There's an old cliche in the reviews world; if you find a really talented band who sounds retro, hail them as rock saviors and watch people flock the bandwagon. The phrase "this band will save rock" has become so overused as of late it has lost all relevance, and I emphasize this so that my own cliche can be spotlighted.
Wolfmother, a three-piece which hails from Sydney, Australia, is on to something special. Over the years I've heard so many people call so many unworthy bands the messiah of rock music that when something actually that amazing comes along, it seems surreal. Wolfmother is the first band I've heard recently, therefore, to be worthy of playing rock music. Therein lies the difference. While so many trumpet this act or that outfit as being the heroes of rock music, rock music doesn't need saving. Rock is timeless goddamit, and as such, it will outlive any and all trends. Rock isn't saved by bands, bands are saved by rock. We as rock fans shouldn't be looking for bands to save rock; we should look for bands who know how to play it right!
Thankfully, Wolfmother not only know how to play rock music right, they play it with aplomb. At fifteen minutes long, Dimensions is one short EP; maybe it's the extra music videos my edition has (more on those later) but this is still one fantastic piece of music. The Aussie trio plays crunchy rock that recalls the 1970's hard rock heyday; Led Zeppelin, Black Sabbath, and the like all come to mind. Despite the fact they've got some actual balls to their sound (sorry to say Franz Ferdinand, or whatever happens to be in this week), never does Wolfmother sacrifice the almighty hook on the alter of pretentiousness. In fact, this is really radio-friendly stuff. On top of that, the band has a mystical vibe that fits only one modern band I can think of; Sweden's almighty Witchcraft sounds like a perfect fit for a hazy, power-of-rock music tour of divine proportions.
To top off their sound, frontman/guitarist Andrew Stockdale has a set of amazing pipes. Sounding like the Mars Volta's Cedric Bixler being strangled by Rush's Geddy Lee, this is one of those bands you'll recognize right away as soon as the vocals kick in. And kick in they do, at least on the lead-off song "Dimensions." Stockdale lets loose with a freakish wail, all before the band sets themselves into a well-paced, rocking groove of retro sludge. The band has mastered the art of acting subtle; little bass notes are added here and there to add weight, and it sounds as if those mighty riffs they churn out are stretched just as far as they should be. Add in some guitar fret rises and you've got one helluva song.
The spectacular "Mind's Eye" is a song that I cannot praise enough. It slowly builds out of choral arrangements on the keyboards and sparkling notes on the guitar, into a prog masterpiece. Something about this really struck a chord with me folks; perhaps it is Stockdale's near-spiritual shrieks over pulsing guitars, or the patient keys always humming in the background. The bouncy "Love Train" is funky, heavy groove rock, and it doesn't come across as much the first time you hear it after "Mind's Eye." It's not bad for all purposes, but rather like leaving Heaven (the last song) for Earth (this song). Despite this, when left out of comparisons with other tracks, it's still a strong tune and it will definitely get stuck in your head for some time. The moody "The Earth's Rotation Around the Sun" is largely instrumental, and closes the musical portion of the disc with cathartic yet lush bubbles of futuristic rock grandeur and billowing clouds of mellow ambiance.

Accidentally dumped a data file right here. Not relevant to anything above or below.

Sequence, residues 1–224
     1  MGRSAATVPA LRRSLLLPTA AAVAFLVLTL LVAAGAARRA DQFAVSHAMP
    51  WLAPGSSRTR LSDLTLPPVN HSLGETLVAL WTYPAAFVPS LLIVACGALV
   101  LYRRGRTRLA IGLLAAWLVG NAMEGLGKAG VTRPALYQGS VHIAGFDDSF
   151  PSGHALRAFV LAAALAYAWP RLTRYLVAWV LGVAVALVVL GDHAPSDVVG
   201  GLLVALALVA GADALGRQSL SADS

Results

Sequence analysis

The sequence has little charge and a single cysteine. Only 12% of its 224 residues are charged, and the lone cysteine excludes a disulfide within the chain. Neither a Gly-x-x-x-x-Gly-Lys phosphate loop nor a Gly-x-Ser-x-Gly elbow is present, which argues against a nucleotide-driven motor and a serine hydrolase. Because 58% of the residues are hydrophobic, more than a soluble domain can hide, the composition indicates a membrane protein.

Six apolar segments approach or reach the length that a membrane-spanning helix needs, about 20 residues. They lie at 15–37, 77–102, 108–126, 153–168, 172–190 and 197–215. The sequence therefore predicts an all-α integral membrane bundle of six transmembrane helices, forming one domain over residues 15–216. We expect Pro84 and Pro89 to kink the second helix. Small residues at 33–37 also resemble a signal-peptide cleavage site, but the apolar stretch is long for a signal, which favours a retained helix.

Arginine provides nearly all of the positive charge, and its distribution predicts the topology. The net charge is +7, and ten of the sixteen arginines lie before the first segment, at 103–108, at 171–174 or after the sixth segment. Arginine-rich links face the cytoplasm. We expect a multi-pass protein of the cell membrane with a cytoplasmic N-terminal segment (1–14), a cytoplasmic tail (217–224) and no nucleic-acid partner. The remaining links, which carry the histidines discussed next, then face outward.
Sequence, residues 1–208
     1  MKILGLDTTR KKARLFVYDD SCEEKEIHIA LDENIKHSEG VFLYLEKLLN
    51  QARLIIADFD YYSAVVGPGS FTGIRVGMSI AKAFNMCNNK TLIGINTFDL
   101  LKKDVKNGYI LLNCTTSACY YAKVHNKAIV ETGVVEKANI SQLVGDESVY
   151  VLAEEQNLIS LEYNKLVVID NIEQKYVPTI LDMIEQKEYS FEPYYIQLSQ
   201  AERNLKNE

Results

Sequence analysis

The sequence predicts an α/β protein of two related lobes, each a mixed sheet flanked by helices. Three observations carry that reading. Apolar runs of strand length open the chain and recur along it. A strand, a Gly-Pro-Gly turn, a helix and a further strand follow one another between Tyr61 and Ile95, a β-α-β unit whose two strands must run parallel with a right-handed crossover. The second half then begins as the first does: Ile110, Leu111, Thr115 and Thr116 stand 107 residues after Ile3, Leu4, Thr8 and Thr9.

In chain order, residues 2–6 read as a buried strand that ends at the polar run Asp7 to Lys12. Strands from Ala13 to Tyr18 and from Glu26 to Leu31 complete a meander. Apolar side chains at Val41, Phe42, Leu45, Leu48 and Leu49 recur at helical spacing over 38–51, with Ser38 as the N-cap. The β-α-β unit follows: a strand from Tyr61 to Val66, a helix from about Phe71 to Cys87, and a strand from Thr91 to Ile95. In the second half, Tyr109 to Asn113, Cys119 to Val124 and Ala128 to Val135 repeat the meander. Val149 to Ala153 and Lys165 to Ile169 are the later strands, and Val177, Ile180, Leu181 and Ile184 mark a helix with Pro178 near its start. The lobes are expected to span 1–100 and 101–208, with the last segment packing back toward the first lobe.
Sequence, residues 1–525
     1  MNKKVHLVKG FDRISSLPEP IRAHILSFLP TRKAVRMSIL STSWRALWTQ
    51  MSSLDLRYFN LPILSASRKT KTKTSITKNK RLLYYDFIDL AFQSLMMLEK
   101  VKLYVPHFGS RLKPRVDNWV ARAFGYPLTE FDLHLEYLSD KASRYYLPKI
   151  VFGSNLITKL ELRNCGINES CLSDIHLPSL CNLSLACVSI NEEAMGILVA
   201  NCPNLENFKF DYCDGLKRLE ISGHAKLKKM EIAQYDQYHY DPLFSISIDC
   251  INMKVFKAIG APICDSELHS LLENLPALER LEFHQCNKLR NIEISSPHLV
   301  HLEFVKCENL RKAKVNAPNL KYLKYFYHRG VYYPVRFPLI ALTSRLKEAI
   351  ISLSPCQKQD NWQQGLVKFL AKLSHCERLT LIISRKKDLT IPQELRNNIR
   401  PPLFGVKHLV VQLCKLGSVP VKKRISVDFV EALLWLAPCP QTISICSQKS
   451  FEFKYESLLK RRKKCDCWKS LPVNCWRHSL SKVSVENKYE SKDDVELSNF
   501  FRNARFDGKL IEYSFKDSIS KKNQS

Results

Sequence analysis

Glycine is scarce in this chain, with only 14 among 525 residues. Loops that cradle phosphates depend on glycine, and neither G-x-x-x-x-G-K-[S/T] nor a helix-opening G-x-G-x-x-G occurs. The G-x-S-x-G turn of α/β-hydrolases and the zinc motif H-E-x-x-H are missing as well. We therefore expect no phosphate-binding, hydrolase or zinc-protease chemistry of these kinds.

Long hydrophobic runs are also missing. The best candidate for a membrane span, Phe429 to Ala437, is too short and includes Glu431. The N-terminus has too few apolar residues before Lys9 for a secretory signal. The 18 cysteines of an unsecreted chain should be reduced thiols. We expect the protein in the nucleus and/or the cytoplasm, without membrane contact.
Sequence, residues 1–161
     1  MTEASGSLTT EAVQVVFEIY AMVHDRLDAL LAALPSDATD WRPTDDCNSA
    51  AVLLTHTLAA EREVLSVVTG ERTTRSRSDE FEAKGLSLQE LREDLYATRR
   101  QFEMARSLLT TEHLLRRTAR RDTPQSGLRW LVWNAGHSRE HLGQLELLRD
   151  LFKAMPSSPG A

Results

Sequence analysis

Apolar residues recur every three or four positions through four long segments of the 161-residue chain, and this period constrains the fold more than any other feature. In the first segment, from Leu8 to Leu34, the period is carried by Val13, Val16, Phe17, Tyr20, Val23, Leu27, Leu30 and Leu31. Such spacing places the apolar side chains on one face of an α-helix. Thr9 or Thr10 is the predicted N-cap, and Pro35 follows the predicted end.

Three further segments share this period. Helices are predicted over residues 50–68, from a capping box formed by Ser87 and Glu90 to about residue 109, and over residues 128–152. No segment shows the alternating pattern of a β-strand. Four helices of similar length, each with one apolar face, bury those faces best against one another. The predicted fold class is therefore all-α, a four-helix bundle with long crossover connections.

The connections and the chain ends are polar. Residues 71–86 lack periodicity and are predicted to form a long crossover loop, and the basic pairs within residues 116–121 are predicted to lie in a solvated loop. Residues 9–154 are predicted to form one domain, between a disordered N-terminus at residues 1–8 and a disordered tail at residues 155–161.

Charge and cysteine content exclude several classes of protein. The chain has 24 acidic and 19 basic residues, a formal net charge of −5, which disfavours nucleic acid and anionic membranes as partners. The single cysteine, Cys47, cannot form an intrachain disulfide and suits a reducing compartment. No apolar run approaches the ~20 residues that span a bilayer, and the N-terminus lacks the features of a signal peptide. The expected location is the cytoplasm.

The visual portion of the CD contains videos for both "Dimensions" and "Mind's Eye." "Dimensions" is frenetic and energetic cuts of the band playing in a studio. It ends up being standard video fare, with a few bonus points for the quick switches between color and black-and-white film. Andrew Stockdale also attacks the mic with an intensity and fury worthy of Mick Jagger, and I can already visualize Wolfmother as a powerful live act. "Mind's Eye" meanwhile finds the band playing open air in the notorious Devil's Punchbowl. The song's epic majesty really shines here, as the barren and harsh desert landscapes give it a whole new meaning. Both videos are well-shot and focus the band's many strengths and are recommended.
In closing, these Aussies know how to show the current tripe of America and Europe a thing or two. In an era where dance-y, emotive new-wave rock is considered rock 'n roll, it sure is refreshing to hear someone who remembers what the gods of yore sound like. Wolfmother is a band to watch, and I'm hoping they conquer these shores very, VERY soon.
Tracks (video edition)
2. Mind's Eye
3. Love Train
4. The Earth's Rotation Around the Sun
1. Dimensions music video
2. Mind's Eye music video